As Gilles Deleuze writes in Expressionism in Philosophy: Spinoza, the concept of expression, rediscovered by Spinoza and Leibniz, ‘already had behind it a long philosophical history, but a rather hidden, and a rather forbidden history’. Walter Benjamin’s engagement with Leibniz’s philosophy was an enduring one as well. Explicit references to Leibniz’s philosophy may be found from Benjamin’s doctoral dissertation on early German romanticism to his final text, the ‘Theses on the Philosophy of History’. Yet the Leibniz-Benjamin encounter might be considered a hidden one too, and—from the dearth of critical commentary on the subject—the scope of Leibniz’s influence on Benjamin may appear equally forbidding. Whence the furtive nature of those themes appropriated from Leibniz in Benjamin’s writing, and to what extent might ‘expression’ be the sign under which less visible dimensions of such themes can, paradoxically, be made legible?

Both the concept of expression—as a point of convergence between the philosophy of Leibniz and Benjamin—and its bearing upon their philosophy more generally, have gone underinvestigated. This conference will bring together researchers working on different aspects of expression in Benjamin and Leibniz’s philosophy, and will investigate the role played by the themes of expression and monadology in and between disciplines in the 20th and 21st centuries.

Organized by Noa Levin (CRMEP, Kingston University) and Christopher Law (Goldsmiths, University of London)

Please visit https://onexpressionwblrn.wordpress.com/ for more information on the programme, abstracts, and directions.

 

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Call for Papers: Benjamin and Leibniz – On Expression (WBLRN / Goldsmiths, 27-28 June 2017; deadline 20 April)

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Benjamin and Leibniz: On Expression

Conference and Workshop

Conference: 27 June 2017 @ RHB 342
Workshop: 28 June 2017 @ RHB 142
Location: Goldsmiths, University of London

Walter Benjamin London Research Network 
Hosted by the Centre for Philosophy and Critical Thought, Goldsmiths

Supported by the Centre for Research in Modern European Philosophy and the London Graduate School, Kingston University

Keynote Speaker: Professor Peter Fenves, Northwestern University

Deadline for abstracts: 20 April 2017 

‘The idea is a monad—that means briefly: every idea contains the image of the world’, writes Walter Benjamin in The Origin of the German Mourning Play. ‘Expression’, in the writing of Gottfried Wilhelm Leibniz, denotes an isomorphic relation between the universe and its components, or monads. Every monad contains an image, or reflection of the universe; ‘each simple substance has relations which express all the others, and (…) consequently it is a perpetual living mirror of the universe (§56, Monadology). This conference seeks to reanimate Benjamin’s encounter with Leibniz, and considers, particularly, the manner in which Leibniz’s concept of expression informs Benjamin’s thought.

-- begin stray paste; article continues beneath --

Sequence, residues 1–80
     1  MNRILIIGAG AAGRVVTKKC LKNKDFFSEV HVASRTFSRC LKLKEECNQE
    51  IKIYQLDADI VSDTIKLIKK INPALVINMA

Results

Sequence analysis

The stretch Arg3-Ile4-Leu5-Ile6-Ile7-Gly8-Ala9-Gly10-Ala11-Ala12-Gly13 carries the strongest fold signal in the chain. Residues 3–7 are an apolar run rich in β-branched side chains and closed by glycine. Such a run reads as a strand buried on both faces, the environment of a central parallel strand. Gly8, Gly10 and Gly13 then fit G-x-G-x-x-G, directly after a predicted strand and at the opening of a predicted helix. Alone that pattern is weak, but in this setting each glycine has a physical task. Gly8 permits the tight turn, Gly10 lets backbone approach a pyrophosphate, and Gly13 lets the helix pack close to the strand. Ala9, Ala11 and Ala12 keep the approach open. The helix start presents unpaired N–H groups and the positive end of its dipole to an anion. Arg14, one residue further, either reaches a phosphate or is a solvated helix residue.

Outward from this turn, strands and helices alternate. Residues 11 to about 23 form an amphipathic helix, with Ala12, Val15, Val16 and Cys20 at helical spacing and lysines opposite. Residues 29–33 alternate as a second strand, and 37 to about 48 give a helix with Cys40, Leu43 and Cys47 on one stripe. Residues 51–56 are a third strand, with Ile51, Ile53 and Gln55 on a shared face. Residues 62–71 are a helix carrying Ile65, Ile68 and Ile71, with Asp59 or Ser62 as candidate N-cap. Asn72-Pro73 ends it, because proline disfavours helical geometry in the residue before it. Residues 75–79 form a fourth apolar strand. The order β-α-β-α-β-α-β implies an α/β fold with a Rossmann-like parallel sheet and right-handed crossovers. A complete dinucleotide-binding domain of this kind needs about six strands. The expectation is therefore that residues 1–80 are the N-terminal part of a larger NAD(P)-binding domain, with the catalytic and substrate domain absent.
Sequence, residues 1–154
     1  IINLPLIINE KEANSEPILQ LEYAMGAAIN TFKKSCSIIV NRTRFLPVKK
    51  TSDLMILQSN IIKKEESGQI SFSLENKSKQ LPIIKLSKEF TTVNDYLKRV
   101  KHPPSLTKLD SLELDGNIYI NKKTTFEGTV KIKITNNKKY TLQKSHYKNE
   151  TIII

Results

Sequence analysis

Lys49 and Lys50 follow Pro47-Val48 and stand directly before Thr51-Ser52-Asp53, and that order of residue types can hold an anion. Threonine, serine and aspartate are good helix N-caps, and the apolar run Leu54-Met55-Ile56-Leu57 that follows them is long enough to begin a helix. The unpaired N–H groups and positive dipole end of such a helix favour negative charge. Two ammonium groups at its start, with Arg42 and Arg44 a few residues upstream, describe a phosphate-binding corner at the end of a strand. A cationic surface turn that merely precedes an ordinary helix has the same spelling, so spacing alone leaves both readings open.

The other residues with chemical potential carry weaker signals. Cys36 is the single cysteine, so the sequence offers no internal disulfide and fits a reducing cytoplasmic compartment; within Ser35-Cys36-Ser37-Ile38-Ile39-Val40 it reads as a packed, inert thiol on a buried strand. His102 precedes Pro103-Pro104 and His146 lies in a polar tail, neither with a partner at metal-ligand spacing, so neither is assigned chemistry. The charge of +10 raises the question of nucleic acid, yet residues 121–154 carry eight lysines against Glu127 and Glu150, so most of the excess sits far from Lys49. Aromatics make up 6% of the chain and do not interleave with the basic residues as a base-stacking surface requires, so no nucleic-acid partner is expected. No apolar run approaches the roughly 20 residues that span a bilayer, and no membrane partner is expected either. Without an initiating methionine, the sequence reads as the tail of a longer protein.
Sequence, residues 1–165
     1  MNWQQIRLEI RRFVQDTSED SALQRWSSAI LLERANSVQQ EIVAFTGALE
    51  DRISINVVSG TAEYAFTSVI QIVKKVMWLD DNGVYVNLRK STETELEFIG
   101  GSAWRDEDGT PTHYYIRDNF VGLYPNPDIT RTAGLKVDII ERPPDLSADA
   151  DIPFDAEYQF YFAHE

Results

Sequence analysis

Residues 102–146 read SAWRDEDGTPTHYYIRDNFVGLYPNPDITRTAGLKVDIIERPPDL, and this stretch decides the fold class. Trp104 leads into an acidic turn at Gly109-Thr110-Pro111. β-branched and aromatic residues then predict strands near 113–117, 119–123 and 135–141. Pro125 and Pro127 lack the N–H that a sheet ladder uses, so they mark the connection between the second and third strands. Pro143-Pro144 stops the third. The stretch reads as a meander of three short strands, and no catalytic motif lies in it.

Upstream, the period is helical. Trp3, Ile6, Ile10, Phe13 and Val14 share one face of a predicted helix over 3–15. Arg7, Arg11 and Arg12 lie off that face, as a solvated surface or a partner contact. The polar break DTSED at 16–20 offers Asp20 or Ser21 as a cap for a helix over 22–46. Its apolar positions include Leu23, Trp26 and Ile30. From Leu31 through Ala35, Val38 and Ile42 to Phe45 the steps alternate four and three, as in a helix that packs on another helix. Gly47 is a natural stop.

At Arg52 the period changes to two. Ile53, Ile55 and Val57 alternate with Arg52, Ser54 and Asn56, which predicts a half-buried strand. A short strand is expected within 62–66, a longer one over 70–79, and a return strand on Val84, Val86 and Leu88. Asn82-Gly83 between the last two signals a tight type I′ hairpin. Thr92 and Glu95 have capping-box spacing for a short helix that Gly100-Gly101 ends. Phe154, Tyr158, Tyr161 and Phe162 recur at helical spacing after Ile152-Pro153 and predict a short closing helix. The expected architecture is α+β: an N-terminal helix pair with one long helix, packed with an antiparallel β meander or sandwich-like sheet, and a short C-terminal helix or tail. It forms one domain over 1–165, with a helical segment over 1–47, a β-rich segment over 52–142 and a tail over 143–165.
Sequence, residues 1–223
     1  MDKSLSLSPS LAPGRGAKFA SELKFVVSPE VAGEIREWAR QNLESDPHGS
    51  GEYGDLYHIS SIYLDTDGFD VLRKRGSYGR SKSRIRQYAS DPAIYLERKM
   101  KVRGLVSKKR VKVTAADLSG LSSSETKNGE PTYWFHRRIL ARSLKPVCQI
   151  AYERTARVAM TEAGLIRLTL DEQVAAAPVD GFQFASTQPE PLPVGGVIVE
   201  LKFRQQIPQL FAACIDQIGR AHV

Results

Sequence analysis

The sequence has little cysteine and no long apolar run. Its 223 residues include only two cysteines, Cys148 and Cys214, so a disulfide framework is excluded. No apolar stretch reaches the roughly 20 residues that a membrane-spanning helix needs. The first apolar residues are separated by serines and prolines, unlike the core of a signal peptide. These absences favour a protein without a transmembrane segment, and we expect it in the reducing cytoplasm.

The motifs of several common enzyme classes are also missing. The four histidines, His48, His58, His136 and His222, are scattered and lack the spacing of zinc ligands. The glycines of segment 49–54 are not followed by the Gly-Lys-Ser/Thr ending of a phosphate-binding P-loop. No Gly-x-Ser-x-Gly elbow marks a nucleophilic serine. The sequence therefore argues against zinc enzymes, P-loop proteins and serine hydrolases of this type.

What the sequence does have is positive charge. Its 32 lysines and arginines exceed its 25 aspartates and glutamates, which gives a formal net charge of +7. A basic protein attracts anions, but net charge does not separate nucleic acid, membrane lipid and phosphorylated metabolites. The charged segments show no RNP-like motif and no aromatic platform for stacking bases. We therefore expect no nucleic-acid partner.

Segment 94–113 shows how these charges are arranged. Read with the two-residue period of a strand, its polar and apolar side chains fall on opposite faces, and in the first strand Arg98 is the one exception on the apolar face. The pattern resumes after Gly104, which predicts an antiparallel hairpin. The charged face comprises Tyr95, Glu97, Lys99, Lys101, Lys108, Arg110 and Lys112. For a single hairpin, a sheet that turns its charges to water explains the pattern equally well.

As Gilles Deleuze writes in Expressionism in Philosophy: Spinoza, the concept of expression, rediscovered by Spinoza and Leibniz, ‘already had behind it a long philosophical history, but a rather hidden, and a rather forbidden history’. Walter Benjamin’s engagement with Leibniz’s philosophy was an enduring one as well. Explicit references to Leibniz’s philosophy may be found from Benjamin’s doctoral dissertation on early German romanticism to his final text, the ‘Theses on the Philosophy of History’. Yet the Leibniz-Benjamin encounter might be considered a hidden one too, and—from the dearth of critical commentary on the subject—the scope of Leibniz’s influence on Benjamin may appear equally forbidding. Whence the furtive nature of those themes appropriated from Leibniz in Benjamin’s writing, and to what extent might ‘expression’ be the sign under which less visible dimensions of such themes can, paradoxically, be made legible?

Both the concept of expression—as a point of convergence between the philosophy of Leibniz and Benjamin—and its bearing upon their philosophy more generally, have gone underinvestigated. This conference will bring together researchers working on different aspects of expression in Benjamin and Leibniz’s philosophy. The workshop—to be held on the following day—will offer participants an opportunity to read texts by Leibniz, Benjamin and others, and to investigate the role played by the themes of expression and monadology in and between disciplines in the 20th and 21st centuries.

We welcome papers on a range of topics including but not limited to:

* The role of the
Monadology in Benjamin’s ‘philosophy of ideas’ and philosophy of language
* Between expression (
Ausdruck) and perception (Wahrnehmung) in Walter Benjamin’s writing
* The place of Leibniz in Benjamin’s encounter with Romanticism

* Leibniz’s concept of expression in Benjamin’s philosophy of history

* The concept of expression between Leibniz, Deleuze and Benjamin

* Monadic/expressive use of philosophical terminology in Benjamin

* Benjamin’s disputations with infinitesimal calculus

* Leibniz’s concept of expression and Benjamin’s writing on poetics

* The ‘virtual’ in Leibniz; virtuality in Benjamin and Derrida

* Leibniz, Benjamin and theories of the coming philosophy

* Logical expression, historical expression: Benjamin’s responses to Cohen

Proposals (250-300 words) for 20 minute long papers, accompanied by a brief biographical note (100 words) should be submitted to onexpressionwblrn@gmail.com by April 20th, 2017.

Organization: Noa Levin / Christopher Law


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Neurosis, Poetry, and the Present (Benjamin Noys / Daniel Katz)

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A Workshop organised by Professor Daniel Katz (Warwick) and Professor Benjamin Noys (Chichester), hosted by CPCT.

Saturday, 18 March 2017
10:45am – 6:30pm
RHB 342, Goldsmiths, University of London

(Free) registration here.